Renander’s ‘Glass Forest’ exhibit at the Square filled with multi-textured masterpieces
Not many people can make art using glass, let alone glass art that’s both beautiful and multi-textured.
In fact, it might be one of the most difficult mediums to work with. Yet, for Kiki Renander, she’s always felt a natural attraction to it for as long as she can remember.
Renander’s “Glass Forest” exhibit opened at the Paris Gibson Square Museum of Art on Friday. These unique glass pieces all feature multi-layered images of trees. The images feature different colored glass that’s been sandblasted using many different techniques to create a collage-like feel to each piece. Her pieces are on display in the Dufrense/Cobb Gallery, which is named after two long-time financial donors to the Square.
Renander’s been working in stained glass for 17 years. At the opening on Friday she said she can’t remember having a specific reason why she got into it other than she loves the natural beauty and shine of glass before she even does any work to it.
“I’ve wanted to do stained glass forever but I can’t really remember one specific thing that got me into it,” she said. “It’s a beautiful medium before you even do anything to it. When you’re starting out you’re already ahead of the game working with glass. I like the flashiness, which sort of sounds childish, but I’m really drawn to it and it’s totally different than painting in any other medium and I’ve done almost all of them.”
Nearly every one of Renander’s pieces feature sandblasted wood grains or tree rings in the background, which she says give it a more finished look. She also does a new method of painting, which she says is laborious and difficult to do, but makes for another intriguing element.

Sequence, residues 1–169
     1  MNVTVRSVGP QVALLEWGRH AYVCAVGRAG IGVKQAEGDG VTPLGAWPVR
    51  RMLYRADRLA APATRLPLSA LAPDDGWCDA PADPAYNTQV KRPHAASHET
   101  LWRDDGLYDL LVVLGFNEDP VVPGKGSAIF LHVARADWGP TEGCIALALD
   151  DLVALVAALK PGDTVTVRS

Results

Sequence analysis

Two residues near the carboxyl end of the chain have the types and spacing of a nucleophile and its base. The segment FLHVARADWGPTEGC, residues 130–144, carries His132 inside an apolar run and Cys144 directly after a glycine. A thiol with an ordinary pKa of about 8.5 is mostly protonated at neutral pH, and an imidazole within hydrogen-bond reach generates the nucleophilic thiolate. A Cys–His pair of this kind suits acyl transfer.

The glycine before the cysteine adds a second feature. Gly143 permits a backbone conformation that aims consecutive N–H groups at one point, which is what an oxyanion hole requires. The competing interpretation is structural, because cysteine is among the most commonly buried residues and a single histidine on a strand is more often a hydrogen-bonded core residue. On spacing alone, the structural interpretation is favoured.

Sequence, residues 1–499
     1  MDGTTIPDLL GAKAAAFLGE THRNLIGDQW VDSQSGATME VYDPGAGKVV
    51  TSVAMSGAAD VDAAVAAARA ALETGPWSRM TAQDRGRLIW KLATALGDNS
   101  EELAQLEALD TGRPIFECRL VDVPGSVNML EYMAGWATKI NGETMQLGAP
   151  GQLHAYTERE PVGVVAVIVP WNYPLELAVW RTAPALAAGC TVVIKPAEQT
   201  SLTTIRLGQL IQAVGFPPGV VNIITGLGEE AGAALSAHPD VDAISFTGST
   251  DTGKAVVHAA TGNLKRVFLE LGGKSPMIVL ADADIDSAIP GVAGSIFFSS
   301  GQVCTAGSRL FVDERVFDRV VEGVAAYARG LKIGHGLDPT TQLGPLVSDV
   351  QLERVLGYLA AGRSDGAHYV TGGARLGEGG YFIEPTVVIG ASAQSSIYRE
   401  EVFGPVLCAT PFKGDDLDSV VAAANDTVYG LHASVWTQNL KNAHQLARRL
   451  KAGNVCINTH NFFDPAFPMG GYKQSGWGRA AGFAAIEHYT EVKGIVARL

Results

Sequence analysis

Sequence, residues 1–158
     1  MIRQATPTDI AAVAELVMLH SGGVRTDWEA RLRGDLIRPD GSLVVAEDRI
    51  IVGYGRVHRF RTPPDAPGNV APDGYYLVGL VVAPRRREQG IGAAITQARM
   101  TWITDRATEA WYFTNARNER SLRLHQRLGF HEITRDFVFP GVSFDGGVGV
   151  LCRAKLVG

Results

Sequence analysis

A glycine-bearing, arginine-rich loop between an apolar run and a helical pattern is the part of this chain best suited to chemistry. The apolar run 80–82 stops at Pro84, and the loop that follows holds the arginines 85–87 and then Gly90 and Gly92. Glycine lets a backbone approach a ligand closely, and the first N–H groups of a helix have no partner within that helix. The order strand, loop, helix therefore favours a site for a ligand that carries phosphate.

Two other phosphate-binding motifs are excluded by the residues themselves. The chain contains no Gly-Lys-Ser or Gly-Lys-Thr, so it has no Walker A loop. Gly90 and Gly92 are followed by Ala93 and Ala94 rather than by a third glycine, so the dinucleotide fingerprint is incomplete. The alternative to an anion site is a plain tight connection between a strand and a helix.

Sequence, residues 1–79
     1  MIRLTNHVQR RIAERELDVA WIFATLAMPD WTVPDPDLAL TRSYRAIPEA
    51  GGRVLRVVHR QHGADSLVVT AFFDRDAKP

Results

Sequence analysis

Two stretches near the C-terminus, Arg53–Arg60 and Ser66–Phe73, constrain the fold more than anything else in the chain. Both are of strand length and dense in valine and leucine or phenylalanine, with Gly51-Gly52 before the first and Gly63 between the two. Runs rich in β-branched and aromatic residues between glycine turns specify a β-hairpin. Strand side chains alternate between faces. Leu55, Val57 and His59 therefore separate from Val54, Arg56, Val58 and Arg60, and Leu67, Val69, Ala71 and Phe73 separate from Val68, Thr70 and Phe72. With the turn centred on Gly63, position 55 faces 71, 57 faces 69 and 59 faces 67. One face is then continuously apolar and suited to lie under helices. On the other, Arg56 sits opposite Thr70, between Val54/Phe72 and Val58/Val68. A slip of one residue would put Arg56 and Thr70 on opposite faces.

“The wood grains are real designs that are based on real pictures of wood or real pieces wood,” she said. “It’s a design element that adds more texture. It’s distilled down a little, but it’s based on the real thing.” And because each of her pieces are made from glass, they also emit a unique reflection on the walls behind them that are unique to glass.
As for which kinds of trees Renander chooses to create, she said she enjoys silhouettes more than the bushy types in part because the medium she uses. She said it doesn’t allow for big sprawling deciduous trees with lots of leaves or pine needles. She also said that many of the trees in this exhibit come from real trees around her home in Missoula.
Renander also creates commissions out of her studio. In 2004 she attended the Pilchuck Glass School outside of Seattle as a scholarship student. It was here that she experienced the possibilities of doing sand blasted etching on glass after attending Peter McGrain’s glass painting work shop in Bengin, Washington.
At the workshop she learned the traditional techniques of glass painting, silver staining and some basic fusing. By combining these techniques with traditional stained glass methods Renander creates her unique glass panels. Renander primarily does commissions for homes and commercial spaces nowadays and has been a member of The Artists’ Shop Co-op in Missoula, Montana for the past 15 years.
She attend the University of Montana in Missoula and graduated in 1998 with a B.A. in Fine Arts. She has ties to Great Falls where she attended junior high and high school. Though she had primarily been a painter in college, she was always drawn to glass. After graduation she served as an intern in Sun Valley, Idaho with glass artist and Great Falls native, Jacques Bordeleau
And while she’s been at it for almost 20 years, she said she still does drop pieces now and then, adding that that’s just kind of the nature of the medium.
“I’ve broken a lot of stuff. I have broken stuff toward the end of the process when I’ve already put in many hours of work and at the beginning, which, right at the beginning is a lot better, but I’ve had my cats break pieces, and all kinds of other things. It’s just sort of never ending. It’s frustrating medium it really is — it’s expensive, it’s painful, and it’s kind of toxic and I break a lot, but I get over it because it’s so beautiful and I love it.”